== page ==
The Basel Accords are a set of international banking regulations developed by the Basel Committee on Banking Supervision. The accords are designed to promote stability in the global financial system by setting standards for minimum capital requirements for banks. The first Basel Accord, known as Basel I, was released in 1988 and significantly revised in 2004. Basel II was published in 2006 and made some changes to the risk weighting of assets, while Basel III was finalized in 2010 with an emphasis on liquidity and capital ratios. Banks are required to hold a certain level of regulatory capital against their assets, with more risky assets requiring more capital to be held. The purpose of this is to protect depositors from losses in the event that a bank becomes insolvent. To meet these requirements, banks typically raise capital through equity and debt issuance. Basel III introduced new liquidity standards, including the Liquidity Coverage Ratio and the Net Stable Funding Ratio, which are designed to ensure that banks have sufficient liquidity to withstand periods of stress.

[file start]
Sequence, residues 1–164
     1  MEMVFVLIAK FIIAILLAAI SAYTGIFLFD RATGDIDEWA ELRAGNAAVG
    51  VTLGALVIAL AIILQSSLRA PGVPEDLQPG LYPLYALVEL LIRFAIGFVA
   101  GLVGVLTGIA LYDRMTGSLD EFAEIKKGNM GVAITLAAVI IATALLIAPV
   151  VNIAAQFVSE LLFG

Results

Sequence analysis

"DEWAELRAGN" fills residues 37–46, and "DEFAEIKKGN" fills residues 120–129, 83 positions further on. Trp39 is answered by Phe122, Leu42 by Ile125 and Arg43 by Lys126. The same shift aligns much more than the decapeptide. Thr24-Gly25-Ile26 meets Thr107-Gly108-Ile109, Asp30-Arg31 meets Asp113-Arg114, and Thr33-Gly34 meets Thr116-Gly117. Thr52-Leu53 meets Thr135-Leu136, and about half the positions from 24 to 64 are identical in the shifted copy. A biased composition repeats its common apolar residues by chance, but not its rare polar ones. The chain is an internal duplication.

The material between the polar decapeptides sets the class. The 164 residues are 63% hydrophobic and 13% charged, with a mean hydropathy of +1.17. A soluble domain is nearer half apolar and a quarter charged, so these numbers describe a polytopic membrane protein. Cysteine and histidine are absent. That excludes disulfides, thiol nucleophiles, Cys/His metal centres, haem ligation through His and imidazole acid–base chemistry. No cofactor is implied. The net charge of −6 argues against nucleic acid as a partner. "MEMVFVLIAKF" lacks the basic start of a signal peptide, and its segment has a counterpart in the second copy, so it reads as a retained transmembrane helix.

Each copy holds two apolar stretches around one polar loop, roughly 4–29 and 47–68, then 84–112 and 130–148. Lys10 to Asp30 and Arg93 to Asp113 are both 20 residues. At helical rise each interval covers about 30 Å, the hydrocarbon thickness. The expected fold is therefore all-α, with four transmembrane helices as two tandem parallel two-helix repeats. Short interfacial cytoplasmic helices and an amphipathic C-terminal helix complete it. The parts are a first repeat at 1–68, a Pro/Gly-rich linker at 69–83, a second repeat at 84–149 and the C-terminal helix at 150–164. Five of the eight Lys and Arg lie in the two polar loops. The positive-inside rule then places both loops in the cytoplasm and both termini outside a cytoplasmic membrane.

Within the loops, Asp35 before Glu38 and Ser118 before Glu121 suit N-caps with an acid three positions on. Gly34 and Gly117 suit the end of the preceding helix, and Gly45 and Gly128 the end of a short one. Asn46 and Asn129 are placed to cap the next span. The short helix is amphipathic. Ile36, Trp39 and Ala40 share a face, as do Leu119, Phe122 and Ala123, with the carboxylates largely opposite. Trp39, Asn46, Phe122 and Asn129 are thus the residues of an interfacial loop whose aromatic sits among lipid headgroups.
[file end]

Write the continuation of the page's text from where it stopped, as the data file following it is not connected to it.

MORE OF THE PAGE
The Basel Accords have been criticized for their role in exacerbating the global financial crisis of 2007-2008, as banks were able to increase their leverage to higher levels than would have been possible without the regulations. Nevertheless, the accords continue to be an important part of the regulatory landscape for banks around the world.